“They were here and within the past day at that.”
Zayne leaned off the side of the barn, having tried the door to the house, but finding nothing of interest when he stepped inside. The tables were bare, rooms made up neatly and everything left that made it seem like no one had been there at all. However, something about how the drawers were closed with clothing still hanging over the edges and dishes were left stacked on the counter made it seem like the travelers had left in a hurry.
Part of him wondered if they knew he was coming.
“Couldn’t have gotten far. They probably stopped when it got dark and if you’re saying they were here a day ago, they stopped once already.”
“Are you doing my job for me now?” he called back to the man atop his monstrosity of a horse.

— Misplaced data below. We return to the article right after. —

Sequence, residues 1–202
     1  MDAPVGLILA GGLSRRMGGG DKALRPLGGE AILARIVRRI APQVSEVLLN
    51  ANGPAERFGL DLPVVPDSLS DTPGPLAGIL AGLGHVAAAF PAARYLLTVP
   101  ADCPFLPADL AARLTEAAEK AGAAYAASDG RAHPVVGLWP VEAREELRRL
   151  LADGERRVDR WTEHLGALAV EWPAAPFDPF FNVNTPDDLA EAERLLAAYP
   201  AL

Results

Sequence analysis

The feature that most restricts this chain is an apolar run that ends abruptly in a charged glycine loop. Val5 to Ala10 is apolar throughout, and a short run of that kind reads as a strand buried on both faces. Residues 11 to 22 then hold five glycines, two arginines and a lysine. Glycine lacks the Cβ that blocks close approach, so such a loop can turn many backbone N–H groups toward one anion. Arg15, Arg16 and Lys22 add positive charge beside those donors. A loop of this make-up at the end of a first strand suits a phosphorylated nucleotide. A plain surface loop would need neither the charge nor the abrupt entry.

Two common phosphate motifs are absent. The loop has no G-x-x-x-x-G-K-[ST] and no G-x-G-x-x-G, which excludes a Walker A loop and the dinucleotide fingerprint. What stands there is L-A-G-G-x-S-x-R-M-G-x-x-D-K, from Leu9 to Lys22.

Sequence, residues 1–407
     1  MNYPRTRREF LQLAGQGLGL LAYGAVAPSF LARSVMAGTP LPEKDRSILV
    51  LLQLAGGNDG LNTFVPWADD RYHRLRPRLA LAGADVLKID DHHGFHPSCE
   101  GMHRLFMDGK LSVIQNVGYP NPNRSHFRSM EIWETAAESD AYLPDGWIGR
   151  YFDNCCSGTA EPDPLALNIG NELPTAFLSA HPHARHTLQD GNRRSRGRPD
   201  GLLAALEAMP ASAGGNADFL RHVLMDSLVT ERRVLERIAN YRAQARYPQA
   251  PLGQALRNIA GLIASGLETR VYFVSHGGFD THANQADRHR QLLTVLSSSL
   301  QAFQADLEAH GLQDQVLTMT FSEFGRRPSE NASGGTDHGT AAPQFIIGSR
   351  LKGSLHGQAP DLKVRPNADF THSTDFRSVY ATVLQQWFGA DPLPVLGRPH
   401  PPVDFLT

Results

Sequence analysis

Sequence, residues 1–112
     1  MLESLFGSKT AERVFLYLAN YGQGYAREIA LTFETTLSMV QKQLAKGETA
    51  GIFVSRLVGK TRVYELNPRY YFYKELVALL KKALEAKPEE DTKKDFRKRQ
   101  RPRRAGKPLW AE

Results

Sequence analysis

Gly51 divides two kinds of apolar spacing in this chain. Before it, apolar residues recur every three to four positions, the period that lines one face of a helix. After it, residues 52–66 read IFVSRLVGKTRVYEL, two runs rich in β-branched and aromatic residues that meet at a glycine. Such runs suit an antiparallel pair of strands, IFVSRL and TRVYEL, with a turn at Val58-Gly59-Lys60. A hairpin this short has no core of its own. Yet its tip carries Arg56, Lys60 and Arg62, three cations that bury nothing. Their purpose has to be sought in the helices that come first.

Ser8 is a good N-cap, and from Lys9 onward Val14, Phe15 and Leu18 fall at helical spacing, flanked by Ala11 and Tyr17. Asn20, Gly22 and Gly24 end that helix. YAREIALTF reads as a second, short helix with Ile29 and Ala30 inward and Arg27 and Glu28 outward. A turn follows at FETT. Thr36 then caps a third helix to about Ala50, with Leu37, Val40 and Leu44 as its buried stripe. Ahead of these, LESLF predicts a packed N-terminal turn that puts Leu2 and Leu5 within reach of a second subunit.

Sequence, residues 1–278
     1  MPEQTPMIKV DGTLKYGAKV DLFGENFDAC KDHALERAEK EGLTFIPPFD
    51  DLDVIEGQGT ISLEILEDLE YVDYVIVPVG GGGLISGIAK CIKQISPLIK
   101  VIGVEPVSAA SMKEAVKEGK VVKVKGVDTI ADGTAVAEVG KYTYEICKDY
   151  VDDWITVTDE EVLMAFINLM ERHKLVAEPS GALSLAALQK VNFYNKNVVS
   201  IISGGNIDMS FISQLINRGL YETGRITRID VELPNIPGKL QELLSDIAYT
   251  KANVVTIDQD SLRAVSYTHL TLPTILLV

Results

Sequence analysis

Alekzander snorted. “Just doesn’t seem too hard. Following hoof prints and with that map she gave you, now that just makes this a joke.”
Zayne shook his head, climbing back onto his own horse and turning towards the road.
It hadn’t taken long for them to find the house once they rode from the east and into the west where the snow disappeared. Travel was easier and without such a chill in the air, he found that everything felt more normal. The map was marked with a few cities, Aldyra for one and others he assumed would be of some use to them.
A few days would go by before they reached the more southern area of the land and yet, that didn’t seem so far. Things were falling into place and with the map, it only made the pieces fall faster.
“Three horses, you said?”
Zayne frowned, glancing towards the barn. “I assumed. Norton, Aurora and one for the daughter is all I expected. But there are four stalls in the barn that have recently been occupied and four sets of tracks.”
“They’ve got a friend then.”
His heels tapped against his horse’s sides. “It won’t be an issue. Though, I should ask, can you shoot a gun?”
“Likely better than you, Crossvale.”
A sigh sounded from him. “I’m asking you sincerely.”